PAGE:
Tags are purportedly used to keep a player in-house in hopes of reaching an agreement on a long-term deal. However, the Redskins already know who will be under center this season — and it isn’t Cousins. The terms of the Smith trade become official next month: a four-year deal (tacked on to his one remaining year under his Chiefs contract) that includes $71 million guaranteed.

According to a source, Cousins will file a grievance with the players’ union if he’s franchise-tagged because it’d be obvious the organization never intended to engage in good-faith negotiations on a long-term deal or have him play under the predetermined tag amount. Essentially, Washington’s sole motivation for tagging the quarterback would be to work out a trade with another club to recoup compensation. And the Cousins’s camp could argue that strategy violates the terms of the collective bargaining agreement.

The potential return for the Redskins in a tag-and-trade scenario could be a draft pick or two, but they also risk giving Cousins the ability to hamstring the process if he doesn’t sign the tender. Until he signs it, Washington can’t trade him — and his astronomical tag amount goes on the Redskins’ books as soon as the league year begins.

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Washington, which has a host of roster holes and pending free agents to tend to, currently has $48 million in salary cap space.

No one believes Cousins, who completed 64.3 percent of his passes and threw for 4,093 yards, 27 touchdowns and 13 interceptions last season, will be back in burgundy and gold for the 2018 season. Heading into the offseason, he was projected to make roughly $30 million a year on his next deal. And if he does hit the open market, as many expect, Cousins will have plenty of suitors.

The New York Jets, a team that has been desperate for a franchise quarterback for over a decade, reportedly wants Cousins “badly” and are “willing to pay whatever it takes” to lure him to Florham Park, New Jersey. But even though the Jets have $73 million in available salary cap, the Denver Broncos have also emerged as a favorite to land Cousins. And, according to Redskins safety D.J. Swearinger, Cousins is the missing piece for the Broncos.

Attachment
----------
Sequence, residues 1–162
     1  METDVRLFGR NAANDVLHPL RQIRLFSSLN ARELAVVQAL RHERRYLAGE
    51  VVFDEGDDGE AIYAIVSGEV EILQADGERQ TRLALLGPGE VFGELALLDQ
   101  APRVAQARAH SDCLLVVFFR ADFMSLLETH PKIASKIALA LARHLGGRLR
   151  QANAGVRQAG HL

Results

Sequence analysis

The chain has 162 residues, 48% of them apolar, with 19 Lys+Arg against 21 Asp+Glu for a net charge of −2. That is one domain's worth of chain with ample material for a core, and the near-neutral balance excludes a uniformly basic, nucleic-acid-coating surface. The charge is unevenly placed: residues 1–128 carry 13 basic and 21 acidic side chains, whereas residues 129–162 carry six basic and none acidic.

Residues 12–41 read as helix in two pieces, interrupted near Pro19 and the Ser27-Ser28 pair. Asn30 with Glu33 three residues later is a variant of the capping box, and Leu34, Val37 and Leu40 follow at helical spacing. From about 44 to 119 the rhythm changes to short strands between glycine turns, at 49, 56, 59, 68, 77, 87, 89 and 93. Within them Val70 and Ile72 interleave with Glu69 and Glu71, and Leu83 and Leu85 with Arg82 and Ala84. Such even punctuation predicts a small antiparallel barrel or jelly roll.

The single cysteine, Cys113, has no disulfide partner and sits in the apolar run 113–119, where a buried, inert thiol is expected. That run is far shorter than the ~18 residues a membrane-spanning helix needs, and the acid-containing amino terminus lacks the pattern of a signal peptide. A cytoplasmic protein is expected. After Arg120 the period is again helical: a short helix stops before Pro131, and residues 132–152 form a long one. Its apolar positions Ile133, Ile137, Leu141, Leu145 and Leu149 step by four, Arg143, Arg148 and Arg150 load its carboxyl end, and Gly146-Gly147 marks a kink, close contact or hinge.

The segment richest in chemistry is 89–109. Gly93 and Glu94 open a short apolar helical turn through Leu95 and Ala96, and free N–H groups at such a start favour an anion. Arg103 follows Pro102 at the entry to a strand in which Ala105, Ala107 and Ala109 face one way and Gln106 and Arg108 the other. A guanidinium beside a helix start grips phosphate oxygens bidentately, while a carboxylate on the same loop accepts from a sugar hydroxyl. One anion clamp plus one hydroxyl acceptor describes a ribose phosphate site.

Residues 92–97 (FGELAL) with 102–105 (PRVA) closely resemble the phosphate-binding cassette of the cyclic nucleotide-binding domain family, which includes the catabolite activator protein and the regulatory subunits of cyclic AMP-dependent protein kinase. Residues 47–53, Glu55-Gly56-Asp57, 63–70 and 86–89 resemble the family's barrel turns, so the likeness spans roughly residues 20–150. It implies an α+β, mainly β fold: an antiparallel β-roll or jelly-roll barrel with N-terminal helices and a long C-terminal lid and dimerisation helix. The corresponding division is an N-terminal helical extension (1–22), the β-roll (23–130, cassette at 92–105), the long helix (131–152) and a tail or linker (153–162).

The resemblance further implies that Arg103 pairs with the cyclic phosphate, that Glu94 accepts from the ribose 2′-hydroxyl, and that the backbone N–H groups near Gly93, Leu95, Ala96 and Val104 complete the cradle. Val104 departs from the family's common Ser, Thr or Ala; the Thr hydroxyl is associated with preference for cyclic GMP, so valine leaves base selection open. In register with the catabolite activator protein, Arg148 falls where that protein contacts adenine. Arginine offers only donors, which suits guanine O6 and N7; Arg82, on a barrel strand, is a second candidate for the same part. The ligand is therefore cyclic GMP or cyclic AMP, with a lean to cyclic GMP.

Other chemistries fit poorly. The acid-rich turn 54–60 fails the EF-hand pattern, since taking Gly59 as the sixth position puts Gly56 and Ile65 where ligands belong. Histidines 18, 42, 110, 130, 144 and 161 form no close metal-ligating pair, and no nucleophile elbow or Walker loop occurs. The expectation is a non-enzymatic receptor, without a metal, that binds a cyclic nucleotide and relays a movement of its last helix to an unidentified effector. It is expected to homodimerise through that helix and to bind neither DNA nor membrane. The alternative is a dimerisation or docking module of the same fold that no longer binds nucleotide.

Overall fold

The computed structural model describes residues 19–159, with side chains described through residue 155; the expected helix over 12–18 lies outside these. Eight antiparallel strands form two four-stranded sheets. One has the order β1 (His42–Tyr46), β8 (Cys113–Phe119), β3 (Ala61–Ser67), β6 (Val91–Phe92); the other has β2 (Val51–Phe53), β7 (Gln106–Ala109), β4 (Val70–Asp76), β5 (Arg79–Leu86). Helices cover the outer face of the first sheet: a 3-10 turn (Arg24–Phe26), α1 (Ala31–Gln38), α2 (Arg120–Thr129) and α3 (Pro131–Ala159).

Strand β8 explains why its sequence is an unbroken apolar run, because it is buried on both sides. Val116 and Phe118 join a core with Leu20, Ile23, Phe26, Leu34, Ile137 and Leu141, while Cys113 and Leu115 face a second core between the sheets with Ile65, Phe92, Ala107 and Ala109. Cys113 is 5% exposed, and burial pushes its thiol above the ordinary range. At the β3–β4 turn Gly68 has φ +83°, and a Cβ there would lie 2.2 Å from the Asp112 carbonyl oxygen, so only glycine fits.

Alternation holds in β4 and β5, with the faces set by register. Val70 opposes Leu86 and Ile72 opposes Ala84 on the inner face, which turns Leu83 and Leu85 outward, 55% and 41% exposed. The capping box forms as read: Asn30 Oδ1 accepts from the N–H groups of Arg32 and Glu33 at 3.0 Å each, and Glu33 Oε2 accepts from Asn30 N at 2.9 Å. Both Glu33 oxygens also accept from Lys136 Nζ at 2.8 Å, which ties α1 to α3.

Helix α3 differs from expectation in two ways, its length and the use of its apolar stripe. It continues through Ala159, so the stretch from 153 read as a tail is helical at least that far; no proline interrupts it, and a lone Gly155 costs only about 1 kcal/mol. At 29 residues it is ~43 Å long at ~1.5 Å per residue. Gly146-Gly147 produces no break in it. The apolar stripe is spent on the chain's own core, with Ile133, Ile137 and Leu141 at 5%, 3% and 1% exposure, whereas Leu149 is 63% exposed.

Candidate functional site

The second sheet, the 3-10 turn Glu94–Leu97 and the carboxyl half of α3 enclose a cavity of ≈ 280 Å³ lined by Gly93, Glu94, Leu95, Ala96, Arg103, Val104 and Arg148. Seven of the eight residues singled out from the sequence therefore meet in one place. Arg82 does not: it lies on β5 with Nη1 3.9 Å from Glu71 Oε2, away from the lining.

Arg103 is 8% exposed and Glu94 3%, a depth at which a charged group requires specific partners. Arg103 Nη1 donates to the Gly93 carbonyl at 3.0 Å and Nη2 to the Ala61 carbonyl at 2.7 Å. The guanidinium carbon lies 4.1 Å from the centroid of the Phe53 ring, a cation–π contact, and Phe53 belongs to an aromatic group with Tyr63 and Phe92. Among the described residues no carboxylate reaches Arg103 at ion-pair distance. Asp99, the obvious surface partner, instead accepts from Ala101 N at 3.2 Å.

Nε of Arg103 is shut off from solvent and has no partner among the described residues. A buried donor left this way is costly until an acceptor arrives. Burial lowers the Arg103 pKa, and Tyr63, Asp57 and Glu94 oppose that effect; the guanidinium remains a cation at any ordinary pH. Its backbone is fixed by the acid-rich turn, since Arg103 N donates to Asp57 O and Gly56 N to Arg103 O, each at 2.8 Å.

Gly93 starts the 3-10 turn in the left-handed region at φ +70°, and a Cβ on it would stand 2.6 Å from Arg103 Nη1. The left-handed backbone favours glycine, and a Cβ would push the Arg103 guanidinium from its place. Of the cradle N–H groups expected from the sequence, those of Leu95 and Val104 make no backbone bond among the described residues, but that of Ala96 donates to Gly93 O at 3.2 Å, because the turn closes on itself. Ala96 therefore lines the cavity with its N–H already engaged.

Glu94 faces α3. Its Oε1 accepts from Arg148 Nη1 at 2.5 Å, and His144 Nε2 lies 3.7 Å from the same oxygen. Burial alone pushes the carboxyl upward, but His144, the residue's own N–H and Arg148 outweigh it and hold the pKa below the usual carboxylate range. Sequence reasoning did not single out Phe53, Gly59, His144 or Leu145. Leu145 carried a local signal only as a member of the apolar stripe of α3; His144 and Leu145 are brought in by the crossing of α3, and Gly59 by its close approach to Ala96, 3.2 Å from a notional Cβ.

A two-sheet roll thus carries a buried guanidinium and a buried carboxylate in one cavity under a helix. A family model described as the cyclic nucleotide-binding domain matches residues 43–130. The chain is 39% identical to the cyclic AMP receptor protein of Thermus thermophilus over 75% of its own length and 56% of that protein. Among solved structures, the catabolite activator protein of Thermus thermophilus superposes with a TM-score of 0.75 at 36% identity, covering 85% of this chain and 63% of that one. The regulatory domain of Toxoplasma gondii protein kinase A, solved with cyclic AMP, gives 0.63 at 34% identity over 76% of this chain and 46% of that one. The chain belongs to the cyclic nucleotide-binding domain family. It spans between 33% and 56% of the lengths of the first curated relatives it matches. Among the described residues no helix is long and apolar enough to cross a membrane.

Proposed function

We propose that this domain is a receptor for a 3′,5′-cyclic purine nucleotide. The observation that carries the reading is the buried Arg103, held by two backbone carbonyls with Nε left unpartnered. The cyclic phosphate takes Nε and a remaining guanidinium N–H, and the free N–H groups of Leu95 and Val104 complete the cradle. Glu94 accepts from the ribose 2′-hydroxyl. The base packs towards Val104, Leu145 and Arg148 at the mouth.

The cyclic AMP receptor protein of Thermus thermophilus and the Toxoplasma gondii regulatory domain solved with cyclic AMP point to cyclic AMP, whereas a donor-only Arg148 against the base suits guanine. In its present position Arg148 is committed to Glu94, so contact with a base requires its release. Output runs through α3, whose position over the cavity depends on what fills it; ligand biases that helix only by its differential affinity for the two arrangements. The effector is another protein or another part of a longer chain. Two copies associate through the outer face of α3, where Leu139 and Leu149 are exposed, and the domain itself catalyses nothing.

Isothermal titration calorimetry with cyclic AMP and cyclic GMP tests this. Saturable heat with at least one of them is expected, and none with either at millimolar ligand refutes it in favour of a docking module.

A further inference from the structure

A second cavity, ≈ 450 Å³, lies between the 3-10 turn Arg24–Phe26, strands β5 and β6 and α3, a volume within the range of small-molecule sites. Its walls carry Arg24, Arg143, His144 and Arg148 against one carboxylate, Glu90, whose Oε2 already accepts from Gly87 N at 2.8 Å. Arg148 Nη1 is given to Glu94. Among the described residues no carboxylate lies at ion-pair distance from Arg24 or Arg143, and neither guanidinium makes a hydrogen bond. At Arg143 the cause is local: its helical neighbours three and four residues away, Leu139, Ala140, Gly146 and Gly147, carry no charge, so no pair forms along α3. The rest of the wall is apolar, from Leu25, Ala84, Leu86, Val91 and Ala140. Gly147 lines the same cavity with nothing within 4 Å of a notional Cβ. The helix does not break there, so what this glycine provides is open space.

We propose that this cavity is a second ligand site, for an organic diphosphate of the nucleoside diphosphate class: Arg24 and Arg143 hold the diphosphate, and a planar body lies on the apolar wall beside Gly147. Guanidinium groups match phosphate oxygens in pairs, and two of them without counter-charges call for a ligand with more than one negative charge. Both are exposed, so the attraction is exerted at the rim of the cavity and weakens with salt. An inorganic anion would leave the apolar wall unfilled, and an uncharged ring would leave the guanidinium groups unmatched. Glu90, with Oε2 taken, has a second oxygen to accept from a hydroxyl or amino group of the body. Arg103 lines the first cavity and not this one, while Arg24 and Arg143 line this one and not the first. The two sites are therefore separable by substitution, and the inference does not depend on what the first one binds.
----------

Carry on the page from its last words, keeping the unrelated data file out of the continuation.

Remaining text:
“With the situation they have out there on defense, they’re missing their quarterback,” Swearinger said Monday on NFL Network, referring to a unit that is headlined by elite pass rusher Von Miller. “Kirk is a great quarterback. I wish we could have had different things on that, but the business is the business. I think Kirk will be getting a healthy payday and I think Denver is the team that can do that.”



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Fire breaks out in Thornton nursing home overnight, residents unharmed

February 20, 2018 - 11:47am

Residents of Thornton’s Elms Haven Center senior healthcare facility are unharmed after a fire broke out in the building’s kitchen overnight.

Three facility employees were taken to an area hospital for smoke inhalation, but have since been released, Thornton Fire Department spokeswoman Stephanie Harpring said.

The fire department responded to the blaze off of East 120th Avenue around 2 a.m.

The Elms Haven Center is a 242-bed facility with an Alzheimer’s unit, rehabilitation unit and long-term care, according to its website.

Harpring said around 185 residents were in the facility at the time of the fire. The residents sheltered in place but were out of harm’s way, Harpring said.

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Family members of residents are being contacted in case they want to check in with their loved ones.

The building remains functional and will be able to provide food and care for the residents, Harpring said.